In 1989, Eckhorn introduced a neural model to emulate the mechanism of cat’s visual cortex. The Eckhorn model provided a simple and effective tool for studying small mammal’s visual cortex, and was soon recognized as having significant application potential in image processing.
In 1994, Johnson adapted the Eckhorn model to an image processing algorithm, calling this algorithm a pulse-coupled neural network. Over the past decade, PCNNs have been used in a variety of image processing applications, including: image segmentation, feature generation, face extraction, motion detection, region growing, and noise reduction.
The basic property of the Eckhorn's linking-field model (LFM) is the coupling term. LFM is a modulation of the primary input by a biased offset factor driven by the linking input. These drive a threshold variable that decays from an initial high value. When the threshold drops below zero it is reset to a high value and the process starts over. This is different than the standard integrate-and-fire neural model, which accumulates the input until it passes an upper limit and effectively "shorts out" to cause the pulse.
LFM uses this difference to sustain pulse bursts, something the standard model does not do on a single neuron level. It is valuable to understand, however, that a detailed analysis of the standard model must include a shunting term, due to the floating voltages level in the dendritic compartment(s), and in turn this causes an elegant multiple modulation effect that enables a true higher-order network (HON). Multidimensional pulse image processing of chemical structure data using PCNN has been discussed by Kinser, et al.
A PCNN is a two-dimensional neural network. Each neuron in the network corresponds to one pixel in an input image, receiving its corresponding pixel’s color information (e.g. intensity) as an external stimulus. Each neuron also connects with its neighboring neurons, receiving local stimuli from them. The external and local stimuli are combined in an internal activation system, which accumulates the stimuli until it exceeds a dynamic threshold, resulting in a pulse output. Through iterative computation, PCNN neurons produce temporal series of pulse outputs. The temporal series of pulse outputs contain information of input images and can be used for various image processing applications, such as image segmentation and feature generation. Compared with conventional image processing means, PCNNs have several significant merits, including robustness against noise, independence of geometric variations in input patterns, capability of bridging minor intensity variations in input patterns, etc.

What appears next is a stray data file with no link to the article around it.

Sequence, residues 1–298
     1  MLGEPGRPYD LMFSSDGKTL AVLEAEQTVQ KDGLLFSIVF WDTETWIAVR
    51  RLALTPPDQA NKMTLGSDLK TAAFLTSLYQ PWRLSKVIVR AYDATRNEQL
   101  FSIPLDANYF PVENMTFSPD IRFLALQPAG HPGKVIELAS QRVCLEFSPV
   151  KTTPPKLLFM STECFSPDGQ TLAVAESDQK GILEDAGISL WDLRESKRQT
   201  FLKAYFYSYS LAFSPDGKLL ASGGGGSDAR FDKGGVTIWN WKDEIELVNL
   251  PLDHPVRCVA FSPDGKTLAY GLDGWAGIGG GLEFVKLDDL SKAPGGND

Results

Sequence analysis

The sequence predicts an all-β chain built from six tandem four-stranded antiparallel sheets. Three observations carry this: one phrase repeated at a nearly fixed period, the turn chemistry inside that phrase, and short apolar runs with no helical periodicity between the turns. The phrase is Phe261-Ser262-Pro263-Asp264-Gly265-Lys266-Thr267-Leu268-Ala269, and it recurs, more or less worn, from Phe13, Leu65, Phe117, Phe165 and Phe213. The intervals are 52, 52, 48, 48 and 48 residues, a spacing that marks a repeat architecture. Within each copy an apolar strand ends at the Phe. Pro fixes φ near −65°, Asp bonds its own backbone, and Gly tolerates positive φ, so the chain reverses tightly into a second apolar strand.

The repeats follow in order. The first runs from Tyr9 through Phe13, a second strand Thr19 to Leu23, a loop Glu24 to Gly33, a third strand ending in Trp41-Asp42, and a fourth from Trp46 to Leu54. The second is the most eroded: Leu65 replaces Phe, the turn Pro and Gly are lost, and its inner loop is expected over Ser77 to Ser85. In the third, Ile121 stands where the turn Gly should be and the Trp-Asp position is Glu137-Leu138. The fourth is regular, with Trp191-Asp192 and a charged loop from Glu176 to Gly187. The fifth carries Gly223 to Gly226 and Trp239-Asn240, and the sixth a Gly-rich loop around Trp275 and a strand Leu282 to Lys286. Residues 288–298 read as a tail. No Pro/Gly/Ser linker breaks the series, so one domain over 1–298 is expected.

A simplified PCNN called a spiking cortical model was developed in 2009.
PCNNs are useful for image processing, as discussed in a book by Thomas Lindblad and Jason M. Kinser.
- See Johnson and Padgett IEEE TRANSACTIONS ON NEURAL NETWORKS, VOL. 10, NO. 3, MAY 1999, page 480-498 for the shunting terms, and C. Lee Giles' old work from the late 80's on HONs)
- Jason M. Kinser a, Karina Waldemark b, Thomas Lindblad b, Sven P. Jacobsson in Chemometrics and Intelligent Laboratory Systems 51�2000.115–124
- K. Zhan, H.J. Zhang, Y.D. Ma. New spiking cortical model for invariant texture retrieval and image processing. IEEE Trans. on neural networks, 2009, 20(12): 1980-1986.
- Image Processing Using Pulse-Coupled Neural Networks, Second, Revised Version, Springer Verlag ISBN 3-540-24218-X
- Zhang, Y. (2008). "Improved Image Filter based on SPCNN". Science in China F edition: Information Science. 51 (12): 2115–2125. doi:10.1007/s11432-008-0124-z.
- Wu, L. (2010). "Color Image Enhancement based on HVS and PCNN". Science China Information Sciences. 53 (10): 1963–1976. doi:10.1007/s11432-010-4075-9.
- Wei, G.; Wang, S. (2011). "A novel algorithm for all pairs shortest path problem based on matrix multiplication and pulse coupled neural network". Digital Signal Processing. 21 (4): 517–521. doi:10.1016/j.dsp.2011.02.004.